Is there a way out of this deadlock? Maybe U.S. consumer demand does not have to be replaced entirely and immediately by consumer demand in other countries to restore full employment in the world. Consider the problem from a different perspective—based on the underlying concepts of the growth model for which Robert Solow won a Nobel Prize in 1987. For the world economy to be in full employment, savings must equal investment. If the world saving rate increases (and it will if the increase in the saving rate of U.S. consumers is not offset by large enough reductions in the saving rate in other countries), the only way to maintain full employment is through higher investment.

This has, in part, already happened through the increases in public investment that were part of the stimulus packages in many countries. But relying on higher public investment for the longer term has two problems:

  • To restore goods market equilibrium in the world, public investment—for instance, in the United States—would have to double, from less than 3 percent to almost 6 percent of GDP. It is unclear whether such a large increase in public investment would be feasible: in the gigantic American Recovery and Reinvestment Act of 2009, the increase in U.S. public investment amounts to less than 1 percent of GDP a year.
  • Any increase in public investment carries with it the high probability that some of it will be wasted rather than contributing to raising the productive level of the capital stock—as I noted, some of this seems to be happening in China now.

Private investment, which accounts for a much larger fraction of GDP (close to 20 percent in the United States), is a more likely candidate to plug the spending gap than is public investment. But what would induce firms to raise investment spending in the middle of a sharp recession? A technological breakthrough—such as the internet revolution that began in the mid-1990s—does not seem to be on the horizon.

What could give rise to a new round of private investment is the realization that the crisis will change the composition of world demand for the long term. To address such a change, the structure of world output would have to adjust, which requires industrial restructuring and, as a consequence, new investment.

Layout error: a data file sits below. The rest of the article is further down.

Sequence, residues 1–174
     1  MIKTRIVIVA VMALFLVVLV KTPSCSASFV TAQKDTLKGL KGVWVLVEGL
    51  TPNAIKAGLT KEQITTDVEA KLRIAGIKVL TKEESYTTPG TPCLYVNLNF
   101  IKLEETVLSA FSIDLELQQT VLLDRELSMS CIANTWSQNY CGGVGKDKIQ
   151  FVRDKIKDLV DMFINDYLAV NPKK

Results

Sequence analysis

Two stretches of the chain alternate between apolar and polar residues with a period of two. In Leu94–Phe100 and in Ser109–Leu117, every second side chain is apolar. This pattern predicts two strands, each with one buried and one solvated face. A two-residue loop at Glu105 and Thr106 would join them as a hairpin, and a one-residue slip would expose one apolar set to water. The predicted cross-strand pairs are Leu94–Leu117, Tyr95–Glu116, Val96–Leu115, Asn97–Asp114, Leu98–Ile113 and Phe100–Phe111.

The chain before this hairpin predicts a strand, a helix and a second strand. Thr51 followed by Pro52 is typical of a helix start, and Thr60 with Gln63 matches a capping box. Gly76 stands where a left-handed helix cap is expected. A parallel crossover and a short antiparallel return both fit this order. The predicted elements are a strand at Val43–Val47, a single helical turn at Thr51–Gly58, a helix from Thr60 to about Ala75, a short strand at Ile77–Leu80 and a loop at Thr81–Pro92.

Demand composition shifts

If U.S. consumption will be permanently lower, and consumption in the emerging and developing markets eventually higher, then the composition of world demand will change because the composition of a country’s consumption depends on its per capita income. This means that the type of goods demanded will change. We already see something like this coming: primary commodity producers (in Latin America, in particular) are benefiting from the demand shifts toward China and India. Although demand for, and prices of, primary commodities declined during the recession, they have begun to climb again. It is demand for high-end German cars that has virtually disappeared. Adjusting the structure of world production to such a change in the composition of world consumption cannot happen without substantial restructuring, and, therefore, substantial investment.

Thus a permanent increase in the U.S. saving rate could be offset, at least in part, by an increase in private investment. What would prompt firms to invest is the anticipation of a change in both the geographic allocation and the composition of consumption—relatively more consumption in China, relatively less in the United States; higher demand for such things as basic appliances and relatively lower demand for high-end automobiles.

This observation has an interesting corollary. Those countries that invest in restructuring today will emerge from the transition with a higher (per capita) capital stock and, therefore, a higher per capita income. Those countries that do the restructuring—and get it right, including the portion that happens through public investment—will come out of the crisis richer.

Francesco Giavazzi is Professor of Economics at Bocconi University, and a regular visiting professor at the Massachusetts Institute of Technology.